“People have been meeting and dating online for a while now, but it’s literally become an instantaneous process where instead of answering questions and waiting for a match, we can just swipe right and immediately be connected or hook up — whatever your intention is,” LoBue said.
LoBue said this new online connection influences hookup culture in several ways.
“Simply being on an online dating app is often viewed as wanting to hook up,” LoBue said. “So the concept of dating is basically taken off the table altogether, even if this isn’t the intention of all people on the app.”
LoBue said this blur of intention can lead to hurtful situations.
“For some people who really are looking for a relationship and not just to hook up, using dating apps that are actually hookup apps can be very hurtful,” LoBue said. “Some individuals who aren’t looking for casual sex can feel deceived and misled when that is the other person’s expectation.”
Stolle said she believes this assumption is useful in her day-to-day interactions on the app.
“I don’t like making things more complicated than they need to be,” Stolle said. “Tinder simplifies that because you know people are looking for something of a relationship. Whether that be a quick couple-hour relationship, or ‘Oh, maybe I want a lasting relationship’ one.”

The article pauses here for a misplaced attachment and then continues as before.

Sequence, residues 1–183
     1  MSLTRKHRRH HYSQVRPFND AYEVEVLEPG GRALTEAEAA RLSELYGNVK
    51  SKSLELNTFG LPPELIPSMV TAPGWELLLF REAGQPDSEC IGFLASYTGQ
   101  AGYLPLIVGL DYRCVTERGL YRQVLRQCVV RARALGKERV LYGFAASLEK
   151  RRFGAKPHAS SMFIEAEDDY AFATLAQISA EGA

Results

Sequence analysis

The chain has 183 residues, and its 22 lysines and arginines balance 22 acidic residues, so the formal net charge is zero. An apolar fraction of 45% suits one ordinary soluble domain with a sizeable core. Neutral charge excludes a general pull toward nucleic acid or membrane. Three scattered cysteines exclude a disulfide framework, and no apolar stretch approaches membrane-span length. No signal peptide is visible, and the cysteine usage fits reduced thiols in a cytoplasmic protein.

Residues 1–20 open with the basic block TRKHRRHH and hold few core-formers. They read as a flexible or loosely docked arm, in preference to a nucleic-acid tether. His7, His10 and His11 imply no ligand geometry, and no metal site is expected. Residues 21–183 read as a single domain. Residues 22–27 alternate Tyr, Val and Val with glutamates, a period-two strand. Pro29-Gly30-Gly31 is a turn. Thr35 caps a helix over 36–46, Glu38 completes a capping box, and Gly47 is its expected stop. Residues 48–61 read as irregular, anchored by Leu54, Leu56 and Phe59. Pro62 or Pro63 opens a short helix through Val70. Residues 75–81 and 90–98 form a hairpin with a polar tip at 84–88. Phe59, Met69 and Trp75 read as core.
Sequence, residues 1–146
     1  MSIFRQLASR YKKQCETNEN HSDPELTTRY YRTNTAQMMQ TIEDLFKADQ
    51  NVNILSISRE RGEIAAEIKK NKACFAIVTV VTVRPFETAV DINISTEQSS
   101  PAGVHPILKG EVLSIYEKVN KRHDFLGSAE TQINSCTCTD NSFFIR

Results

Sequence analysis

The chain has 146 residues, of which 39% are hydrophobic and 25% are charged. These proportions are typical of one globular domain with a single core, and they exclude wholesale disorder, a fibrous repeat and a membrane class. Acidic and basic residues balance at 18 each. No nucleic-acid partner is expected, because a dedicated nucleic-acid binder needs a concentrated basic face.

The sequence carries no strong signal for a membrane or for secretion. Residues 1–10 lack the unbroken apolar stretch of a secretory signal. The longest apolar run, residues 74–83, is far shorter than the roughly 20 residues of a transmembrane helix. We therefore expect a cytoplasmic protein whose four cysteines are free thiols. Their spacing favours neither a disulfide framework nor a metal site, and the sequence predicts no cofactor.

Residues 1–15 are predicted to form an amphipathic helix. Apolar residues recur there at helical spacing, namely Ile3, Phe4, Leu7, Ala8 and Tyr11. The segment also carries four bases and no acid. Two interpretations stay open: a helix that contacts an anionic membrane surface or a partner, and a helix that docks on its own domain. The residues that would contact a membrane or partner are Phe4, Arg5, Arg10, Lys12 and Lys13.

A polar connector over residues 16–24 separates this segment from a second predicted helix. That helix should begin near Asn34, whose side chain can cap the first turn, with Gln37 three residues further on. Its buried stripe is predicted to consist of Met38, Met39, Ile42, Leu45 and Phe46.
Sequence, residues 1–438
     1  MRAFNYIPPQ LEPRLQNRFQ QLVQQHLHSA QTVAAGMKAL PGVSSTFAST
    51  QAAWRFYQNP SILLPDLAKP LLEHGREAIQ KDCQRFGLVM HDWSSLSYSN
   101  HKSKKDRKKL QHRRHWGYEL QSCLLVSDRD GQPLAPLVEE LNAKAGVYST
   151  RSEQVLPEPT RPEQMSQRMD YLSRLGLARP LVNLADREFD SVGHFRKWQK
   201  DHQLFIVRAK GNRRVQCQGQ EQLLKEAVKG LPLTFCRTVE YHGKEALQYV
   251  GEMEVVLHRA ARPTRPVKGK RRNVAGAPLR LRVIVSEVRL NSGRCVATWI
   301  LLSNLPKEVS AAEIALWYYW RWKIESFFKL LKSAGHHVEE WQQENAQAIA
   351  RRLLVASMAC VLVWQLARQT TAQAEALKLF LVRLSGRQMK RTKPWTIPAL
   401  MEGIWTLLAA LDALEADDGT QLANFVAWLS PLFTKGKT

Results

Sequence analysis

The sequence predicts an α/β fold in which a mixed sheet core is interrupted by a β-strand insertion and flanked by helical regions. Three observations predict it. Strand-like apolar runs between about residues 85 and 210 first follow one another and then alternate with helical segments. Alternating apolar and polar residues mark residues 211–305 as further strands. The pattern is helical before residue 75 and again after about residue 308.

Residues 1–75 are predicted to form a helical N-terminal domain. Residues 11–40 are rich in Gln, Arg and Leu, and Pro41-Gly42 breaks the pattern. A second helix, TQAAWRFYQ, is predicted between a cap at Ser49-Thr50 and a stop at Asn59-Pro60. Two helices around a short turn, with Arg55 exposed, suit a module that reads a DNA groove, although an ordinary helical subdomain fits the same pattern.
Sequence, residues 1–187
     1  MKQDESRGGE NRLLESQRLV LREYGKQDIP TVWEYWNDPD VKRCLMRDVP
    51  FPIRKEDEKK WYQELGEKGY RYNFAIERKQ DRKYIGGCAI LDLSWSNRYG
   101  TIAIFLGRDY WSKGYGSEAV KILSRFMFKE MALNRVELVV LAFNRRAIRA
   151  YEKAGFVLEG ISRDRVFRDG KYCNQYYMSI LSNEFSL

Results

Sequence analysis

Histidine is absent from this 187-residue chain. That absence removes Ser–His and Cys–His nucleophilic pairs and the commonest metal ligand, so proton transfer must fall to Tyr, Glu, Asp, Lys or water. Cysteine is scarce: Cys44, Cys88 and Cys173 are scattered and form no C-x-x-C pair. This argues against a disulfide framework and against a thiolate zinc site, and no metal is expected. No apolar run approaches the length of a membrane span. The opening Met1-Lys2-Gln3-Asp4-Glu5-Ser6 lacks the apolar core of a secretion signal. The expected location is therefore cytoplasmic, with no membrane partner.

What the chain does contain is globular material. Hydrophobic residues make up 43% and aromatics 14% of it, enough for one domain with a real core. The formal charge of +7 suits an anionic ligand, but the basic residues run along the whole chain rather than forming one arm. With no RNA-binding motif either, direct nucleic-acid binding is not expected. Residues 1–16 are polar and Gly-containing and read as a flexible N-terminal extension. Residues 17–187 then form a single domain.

“It made me feel pretty worthless in the way that people only wanted me because I was attractive,” Stolle said. “You think because I matched with you on Tinder, I have to put out.”
This can provide space for miscommunication and manipulation, as dating apps like Tinder can foster sexual entitlement. The definition of entitlement, according to the Oxford Dictionary, being “the fact of having a right to something.” Sexual entitlement, then, is the “fact” of having the right to someone else’s sexual attention and behavior. Stolle can recount an experience in which this manifestation of entitlement affected her.
“There was an experience where I had a dude pressure me and force me to do things that I did not want to do,” Stolle said. “So that being said, you have to be very very careful using dating apps.”
Also, since users can choose to connect to people nearby on Tinder, students can be connected to other students on campus through the app.
“I saw people I was in class with,” Brown said. “It’s the worst.”
While Brown remains a user of the app on and off, Stolle has since quit her Tinder endeavors. Stolle’s boy shopping led her to her current boyfriend, a student at the University of Louisville.
“I’m so happy,” Stolle said. “It’s a good way to end my reign of Tinder.”
Despite her encounters she described as toxic hookup culture on the app, Stolle is now in a relationship found from Tinder. She recited the pickup line her boyfriend landed on her.
“Out of all the seasons, I would have to say autumn is my favorite,” she recited with a beaming smile. “Winter is too cold, the summer is too hot, and the spring is too wet. I think it’s just a happy coincidence, maybe, that the most beautiful season shares a name with the most gorgeous person.”